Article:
In the spirit of Business Continuity Awareness Week, here is my plan for home computing disaster readiness. As most are aware, I am seeking my next success, and cannot afford to have downtime at this critical employment junction. My primary means of initial contact for procuring a position remains email and online. The kids and now the grandkids seem to dominate the cordless telephone, and hunting it down in the labyrinth that is our multi-level home is a monumental task, even with the handy “locator beacon” from the charging station. I go on that mission only when I really have to.
Over the weekend, I completed the tasks involved in upgrading my computer hard drives, and clean installing my operating system. I replaced the small IDE boot drive with a 2TB SATA drive, maxing out all 4 SATA connections, and eliminating the IDE bottleneck. The IDE interface is considerably slower, and now there is once again, room for data to grow. And it will…
While I was at it, I took the time to try Comodo’s Time Machine (CMT) product. It can be thought of as Windows Restore Point on steroids. It provides the user with the ability to create images or snapshots of their system at various stages of installation, protecting the system from corruption, degradation, and malware infection by allowing the user to rollback at any time to a previously good configuration. Here is how it rolled out for me:
- First, I downloaded all of the major updates I would need before disconnecting the network cable, and moved all of the important information from my C: drive to the space available on the other drives in my system. This included archiving my email and contacts, moving the My Documents folder, copying my browser Favorites, and unread PDFs that were sitting on my desktop.
- Next, I removed the C: drive and one of the smaller drives (after migrating the data elsewhere) and replaced it with the much larger 2TB drive. It was auto-detected by the BIOS at next boot up. I placed my Operating System CD in the DVD drive, and proceeded to format and install to the new drive, making it C: . I immediately installed Service Pack-1 and 2 for Vista, rebooted the system several times and ran the basic functions to ensure all was working correctly, installed CTM, and created my first image (this is the “baseline”). I now had a reliable installation and could make changes with minimal risk.
- I then installed my personal firewall and integrity checking program. This is a requirement before going online to get further updates. In my own experiments and those of others, an unprotected system will last about 15 minutes on the internet before being discovered, and once discovered, it will generally be probed for vulnerabilities within another 20 minutes. Shortly after that, it will be attacked, and most likely compromised before the first hour has elapsed.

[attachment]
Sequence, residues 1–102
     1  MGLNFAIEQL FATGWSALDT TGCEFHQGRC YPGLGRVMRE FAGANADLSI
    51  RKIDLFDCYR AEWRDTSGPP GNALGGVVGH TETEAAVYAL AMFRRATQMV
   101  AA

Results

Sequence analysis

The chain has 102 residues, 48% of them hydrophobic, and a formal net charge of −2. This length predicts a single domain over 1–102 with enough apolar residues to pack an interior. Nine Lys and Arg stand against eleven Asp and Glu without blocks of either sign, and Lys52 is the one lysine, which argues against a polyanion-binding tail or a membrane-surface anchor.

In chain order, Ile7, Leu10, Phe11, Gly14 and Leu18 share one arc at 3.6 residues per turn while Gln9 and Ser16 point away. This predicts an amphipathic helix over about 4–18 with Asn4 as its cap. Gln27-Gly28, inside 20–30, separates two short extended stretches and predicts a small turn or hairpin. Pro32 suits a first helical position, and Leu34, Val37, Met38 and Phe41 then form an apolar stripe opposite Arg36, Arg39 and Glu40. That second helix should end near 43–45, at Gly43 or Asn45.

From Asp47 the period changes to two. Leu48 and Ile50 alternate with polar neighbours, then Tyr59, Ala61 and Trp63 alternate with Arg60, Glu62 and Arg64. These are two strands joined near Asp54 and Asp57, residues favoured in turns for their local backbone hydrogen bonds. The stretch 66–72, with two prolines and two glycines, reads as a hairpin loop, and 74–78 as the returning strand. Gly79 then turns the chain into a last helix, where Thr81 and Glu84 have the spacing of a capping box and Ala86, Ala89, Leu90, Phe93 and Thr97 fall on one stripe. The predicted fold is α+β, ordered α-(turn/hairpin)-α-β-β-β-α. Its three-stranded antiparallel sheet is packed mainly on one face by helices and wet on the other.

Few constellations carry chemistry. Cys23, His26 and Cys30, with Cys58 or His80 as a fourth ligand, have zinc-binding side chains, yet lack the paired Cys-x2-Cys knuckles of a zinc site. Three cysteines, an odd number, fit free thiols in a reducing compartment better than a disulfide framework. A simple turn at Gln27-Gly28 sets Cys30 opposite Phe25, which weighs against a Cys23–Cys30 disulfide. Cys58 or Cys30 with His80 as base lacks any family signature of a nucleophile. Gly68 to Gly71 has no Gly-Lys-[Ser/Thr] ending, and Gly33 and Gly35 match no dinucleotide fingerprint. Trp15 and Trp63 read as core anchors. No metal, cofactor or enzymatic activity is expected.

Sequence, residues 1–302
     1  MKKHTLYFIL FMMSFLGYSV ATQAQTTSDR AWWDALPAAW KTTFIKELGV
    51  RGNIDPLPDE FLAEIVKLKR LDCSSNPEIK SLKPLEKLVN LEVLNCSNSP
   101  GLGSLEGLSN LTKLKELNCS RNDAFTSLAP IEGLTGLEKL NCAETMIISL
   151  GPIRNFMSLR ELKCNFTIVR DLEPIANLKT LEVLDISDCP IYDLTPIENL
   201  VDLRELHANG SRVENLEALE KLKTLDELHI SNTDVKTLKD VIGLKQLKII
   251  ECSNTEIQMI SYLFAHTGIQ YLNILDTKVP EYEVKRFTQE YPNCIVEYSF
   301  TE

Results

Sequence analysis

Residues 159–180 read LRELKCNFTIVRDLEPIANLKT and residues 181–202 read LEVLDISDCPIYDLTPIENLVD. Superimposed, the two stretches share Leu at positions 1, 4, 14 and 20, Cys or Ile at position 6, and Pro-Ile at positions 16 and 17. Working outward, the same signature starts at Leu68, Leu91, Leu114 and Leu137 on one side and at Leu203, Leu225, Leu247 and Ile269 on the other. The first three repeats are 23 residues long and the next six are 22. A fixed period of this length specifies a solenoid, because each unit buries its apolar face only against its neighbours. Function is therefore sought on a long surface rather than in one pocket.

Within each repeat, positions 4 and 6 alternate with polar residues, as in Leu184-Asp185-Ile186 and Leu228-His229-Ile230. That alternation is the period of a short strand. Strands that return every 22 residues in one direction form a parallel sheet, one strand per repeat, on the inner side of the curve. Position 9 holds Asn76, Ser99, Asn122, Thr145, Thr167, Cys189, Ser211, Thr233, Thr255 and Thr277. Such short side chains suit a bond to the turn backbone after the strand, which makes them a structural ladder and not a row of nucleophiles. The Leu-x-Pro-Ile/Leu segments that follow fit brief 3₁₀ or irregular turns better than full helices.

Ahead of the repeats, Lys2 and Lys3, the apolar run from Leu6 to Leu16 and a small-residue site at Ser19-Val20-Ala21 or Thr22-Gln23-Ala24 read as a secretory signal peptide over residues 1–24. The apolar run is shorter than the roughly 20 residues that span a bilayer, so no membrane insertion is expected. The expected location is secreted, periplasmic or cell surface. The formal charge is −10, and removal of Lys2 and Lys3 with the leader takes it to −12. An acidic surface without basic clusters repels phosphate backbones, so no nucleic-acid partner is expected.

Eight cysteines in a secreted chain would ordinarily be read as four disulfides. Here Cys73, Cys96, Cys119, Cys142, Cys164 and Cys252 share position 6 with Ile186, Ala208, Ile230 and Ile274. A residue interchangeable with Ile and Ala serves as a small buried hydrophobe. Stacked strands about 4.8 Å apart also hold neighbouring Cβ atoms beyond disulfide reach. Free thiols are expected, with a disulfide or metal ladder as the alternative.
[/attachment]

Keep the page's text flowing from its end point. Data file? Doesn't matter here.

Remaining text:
- Next, I re-installed my network cable, and rebooted again, to get a clean internet connection, identify the “trusted” network, and get any updates for the firewall, IDS, and A/V software. One thing that I did not note beforehand was that the integrity checker returned to aggressive mode during the update process, setting itself to block all changes to system files silently. As I went about initiating windows update, the integrity checker was reversing some of the changes being made. This caused a corruption of several O/S files, including MMC (used to view system log files among other things), licensing services, and the anti-virus software. I got a LOT of errors.
- Since the O/S was now unstable and unreliable, I had two choices. Spend another 3 hours redoing everything that I had just done, or rollback to the baseline snapshot. Rolling back took all of about 10 minutes, and allowed me to start again, at the 2 hour in spot. NICE! I repeated the process, this time disabling the integrity checker temporarily. After the operating system and installed applications were completely updated, the integrity checker was restarted and set to the appropriate level.
- Another snapshot was taken at this point after verifying that everything was stable. I could now roll back to 2 points in my systems rejuvenated history at a moment’s notice. I now began to install the essential applications; Office Suite, PDF reader, and sidebar widgets. Once they were in place and tested, another snapshot was taken before again pursuing updates. Word and Outlook became problematic after one particular update. Running the Office Diagnostics Tool fixed that, saving me from another rollback. It was there if I had needed it, though. Cool comfort.
- At the end of the exercise, I had seven snapshots available. I decided to roll the baseline up to the point where I had the OS installed and fully patched, and then picked 2 other key points that I wanted to maintain, then selected to “lock” those snapshots. Locking them prevents them from being accidentally deleted. I now looked to reduce the space that these snapshots were taking up on my hidden partition by deleting the unneeded ones and compressing those that remain.
I selected the option to have TCM create a tiny snapshot of the system at every reboot. In the event of a problem, be it malware, bad installation or system instability, I have at my disposal a method of restoring my system to its last known good configuration, as well as several known good configs from its original installation. Not bad at all.